NASA Analysis: 12 Indian Cities Likely To Go Three Feet Underwater By Century-End
India is right now experiencing unpredictable weather patterns. Some areas are facing extreme heat and droughts while some others are battling the events of floods. According to the recent report from the Intergovernmental Panel on Climate Change (IPCC), the most dangerous risk factor among all is the rising levels of the sea. The report has given some serious warnings to India.
Now, NASA has used the IPCC report to assess changes in sea levels across the world. The findings from the space agency have identified12 coastal cities in India that could submerge nearly three feet underwater by the end of the century if the situation is not contained. The cities include Mumbai, Chennai, Kochi, and Visakhapatnam, among others.
The sea-level projections of IPCC are based on the data gathered by satellites and instruments on the ground, as well as on analysis and computer simulations.
What makes coastal cities more vulnerable?
The IPCC report shows that the sea level around Asia has been increasing at a faster rate than the average global rate. The report points out the events of extreme sea-level changes to be more likely. The one which used to happen once in 100 years, could now happen once every six to nine years by 2050.
The IPCC Working Group I report said, “Coastal areas will see continued sea-level rise throughout the 21st century, contributing to more frequent and severe coastal flooding in low-lying areas and coastal erosion with extreme sea-level events that previously occurred once in 100 years could happen every year by the end of this century.”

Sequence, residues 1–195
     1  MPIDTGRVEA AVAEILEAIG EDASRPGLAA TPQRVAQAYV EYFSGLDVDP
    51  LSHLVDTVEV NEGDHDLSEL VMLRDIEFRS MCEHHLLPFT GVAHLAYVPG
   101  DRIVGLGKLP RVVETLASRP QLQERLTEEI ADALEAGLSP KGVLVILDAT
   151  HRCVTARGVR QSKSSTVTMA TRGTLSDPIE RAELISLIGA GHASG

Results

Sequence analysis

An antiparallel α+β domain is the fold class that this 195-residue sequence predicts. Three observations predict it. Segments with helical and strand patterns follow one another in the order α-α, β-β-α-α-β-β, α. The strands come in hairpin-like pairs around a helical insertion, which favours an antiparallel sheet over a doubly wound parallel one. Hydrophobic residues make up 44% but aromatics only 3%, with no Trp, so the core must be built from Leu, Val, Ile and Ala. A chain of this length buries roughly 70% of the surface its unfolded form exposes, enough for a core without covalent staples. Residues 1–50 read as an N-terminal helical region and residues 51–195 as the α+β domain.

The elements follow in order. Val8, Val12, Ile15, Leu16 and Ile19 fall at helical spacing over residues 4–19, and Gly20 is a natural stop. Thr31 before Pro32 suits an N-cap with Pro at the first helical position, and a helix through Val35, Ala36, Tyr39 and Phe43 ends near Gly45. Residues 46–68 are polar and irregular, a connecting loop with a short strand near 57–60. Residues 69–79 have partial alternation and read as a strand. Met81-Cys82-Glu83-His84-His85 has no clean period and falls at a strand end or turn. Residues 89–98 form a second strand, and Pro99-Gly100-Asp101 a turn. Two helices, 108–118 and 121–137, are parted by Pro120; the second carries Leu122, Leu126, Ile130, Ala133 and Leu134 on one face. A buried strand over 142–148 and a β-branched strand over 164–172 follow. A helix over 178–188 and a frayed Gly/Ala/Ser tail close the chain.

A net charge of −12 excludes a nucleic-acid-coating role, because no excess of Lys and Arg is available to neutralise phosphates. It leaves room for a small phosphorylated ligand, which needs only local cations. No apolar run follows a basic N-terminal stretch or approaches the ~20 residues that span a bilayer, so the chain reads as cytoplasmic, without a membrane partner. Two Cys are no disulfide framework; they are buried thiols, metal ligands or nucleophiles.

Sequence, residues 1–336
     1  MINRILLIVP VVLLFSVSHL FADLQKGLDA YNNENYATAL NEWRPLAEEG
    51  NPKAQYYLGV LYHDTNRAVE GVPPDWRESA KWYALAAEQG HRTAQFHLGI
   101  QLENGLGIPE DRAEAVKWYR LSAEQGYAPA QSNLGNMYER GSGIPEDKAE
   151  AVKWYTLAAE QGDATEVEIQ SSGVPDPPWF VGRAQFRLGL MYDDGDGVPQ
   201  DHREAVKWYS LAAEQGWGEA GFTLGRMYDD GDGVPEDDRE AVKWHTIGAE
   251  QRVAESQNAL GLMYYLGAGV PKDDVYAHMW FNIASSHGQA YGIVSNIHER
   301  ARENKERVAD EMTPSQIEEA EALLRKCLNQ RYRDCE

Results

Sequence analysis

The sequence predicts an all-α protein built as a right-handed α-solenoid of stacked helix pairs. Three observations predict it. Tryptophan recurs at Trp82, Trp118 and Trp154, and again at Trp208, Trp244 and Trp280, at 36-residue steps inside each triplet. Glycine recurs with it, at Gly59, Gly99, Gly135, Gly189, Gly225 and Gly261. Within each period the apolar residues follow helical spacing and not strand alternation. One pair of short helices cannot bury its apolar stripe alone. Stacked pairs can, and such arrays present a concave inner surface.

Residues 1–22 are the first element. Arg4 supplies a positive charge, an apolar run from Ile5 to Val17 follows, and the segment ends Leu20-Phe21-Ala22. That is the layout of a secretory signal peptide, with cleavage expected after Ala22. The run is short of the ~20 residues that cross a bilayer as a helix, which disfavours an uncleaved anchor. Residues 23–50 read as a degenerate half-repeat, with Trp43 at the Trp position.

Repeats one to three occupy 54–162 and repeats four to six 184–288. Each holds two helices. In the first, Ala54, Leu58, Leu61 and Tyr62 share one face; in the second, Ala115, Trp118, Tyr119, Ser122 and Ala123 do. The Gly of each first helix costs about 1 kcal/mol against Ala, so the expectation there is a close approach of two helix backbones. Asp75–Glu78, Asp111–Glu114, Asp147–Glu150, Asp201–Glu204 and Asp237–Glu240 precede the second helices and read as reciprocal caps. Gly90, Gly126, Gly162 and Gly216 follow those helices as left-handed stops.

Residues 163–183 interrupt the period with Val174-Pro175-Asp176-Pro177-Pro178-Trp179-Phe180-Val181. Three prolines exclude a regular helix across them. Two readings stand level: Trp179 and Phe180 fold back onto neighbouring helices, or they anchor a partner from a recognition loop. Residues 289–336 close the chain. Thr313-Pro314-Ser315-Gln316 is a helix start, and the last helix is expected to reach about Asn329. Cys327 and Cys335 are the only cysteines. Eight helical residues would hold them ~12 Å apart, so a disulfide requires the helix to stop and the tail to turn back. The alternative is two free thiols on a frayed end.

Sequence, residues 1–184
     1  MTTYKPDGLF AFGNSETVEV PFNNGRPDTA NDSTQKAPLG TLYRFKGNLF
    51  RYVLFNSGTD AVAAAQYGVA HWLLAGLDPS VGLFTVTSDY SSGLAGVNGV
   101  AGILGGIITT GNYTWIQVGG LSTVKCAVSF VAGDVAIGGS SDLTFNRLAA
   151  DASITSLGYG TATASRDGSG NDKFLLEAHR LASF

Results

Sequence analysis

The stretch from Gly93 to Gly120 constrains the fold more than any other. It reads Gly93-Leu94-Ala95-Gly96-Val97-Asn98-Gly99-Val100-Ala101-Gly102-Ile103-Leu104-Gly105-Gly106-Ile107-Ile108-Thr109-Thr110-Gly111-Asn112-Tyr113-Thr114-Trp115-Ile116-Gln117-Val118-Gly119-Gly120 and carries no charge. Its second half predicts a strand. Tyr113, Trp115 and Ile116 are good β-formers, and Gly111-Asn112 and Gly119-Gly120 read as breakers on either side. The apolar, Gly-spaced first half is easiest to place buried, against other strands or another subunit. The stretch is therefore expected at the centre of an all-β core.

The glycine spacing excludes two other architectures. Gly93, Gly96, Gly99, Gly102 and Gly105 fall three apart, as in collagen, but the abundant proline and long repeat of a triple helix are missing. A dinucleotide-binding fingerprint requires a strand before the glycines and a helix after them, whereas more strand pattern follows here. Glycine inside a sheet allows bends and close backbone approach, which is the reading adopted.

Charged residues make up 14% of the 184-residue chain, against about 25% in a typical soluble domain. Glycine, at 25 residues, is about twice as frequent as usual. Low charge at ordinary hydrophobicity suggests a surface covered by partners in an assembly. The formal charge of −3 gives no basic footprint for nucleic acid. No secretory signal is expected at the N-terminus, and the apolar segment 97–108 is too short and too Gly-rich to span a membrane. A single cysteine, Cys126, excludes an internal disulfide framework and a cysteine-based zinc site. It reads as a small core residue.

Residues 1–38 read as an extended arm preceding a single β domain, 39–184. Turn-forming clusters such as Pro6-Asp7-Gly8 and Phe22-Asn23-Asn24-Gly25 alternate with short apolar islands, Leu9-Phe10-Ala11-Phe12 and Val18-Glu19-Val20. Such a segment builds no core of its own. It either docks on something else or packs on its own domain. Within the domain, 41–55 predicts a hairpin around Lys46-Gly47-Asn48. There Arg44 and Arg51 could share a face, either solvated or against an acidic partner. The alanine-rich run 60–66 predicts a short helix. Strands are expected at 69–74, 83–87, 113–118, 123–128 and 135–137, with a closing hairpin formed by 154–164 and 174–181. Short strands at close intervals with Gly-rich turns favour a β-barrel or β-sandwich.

It further added that climate change is causing different changes in different regions which will all increase with further increases in temperature. These include changes to wet and dryness, to winds, snow and ice, coastal areas, and oceans.
According to estimates made between 2006 and 2018, the global mean sea level is rising at a rate of around 3.7 millimetres per year. Meanwhile, one of the authors of the report, Krishna Achuta Rao, has said that in the Hindu Kush Himalayan (HKH) region, the snow cover has reduced since the early 21st century and glaciers have thinned, retreated and lost mass since the 1970s.
Which coastal cities are vulnerable in India?
If the current trends continue by the end of the century, the following Indian cities will face the brunt of climate change with rising sea levels:
- Kandla: 1.87 feet
- Okha: 1.96 feet
- Bhavnagar: 2.70 feet
- Mumbai: 1.90 feet
- Mormugao: 2.06 feet
- Mangalore: 1.87 feet
- Cochin: 2.32 feet
- Paradip: 1.93 feet
- Khidirpur: 0.49 feet
- Visakhapatnam: 1.77 feet
- Chennai: 1.87 feet
- Tuticorin: 1.9 feet
If not taken strict measures now, the country can face some dire consequences from climate change. The recent event of wildfires in Turkey is an example from which we should all learn a lesson.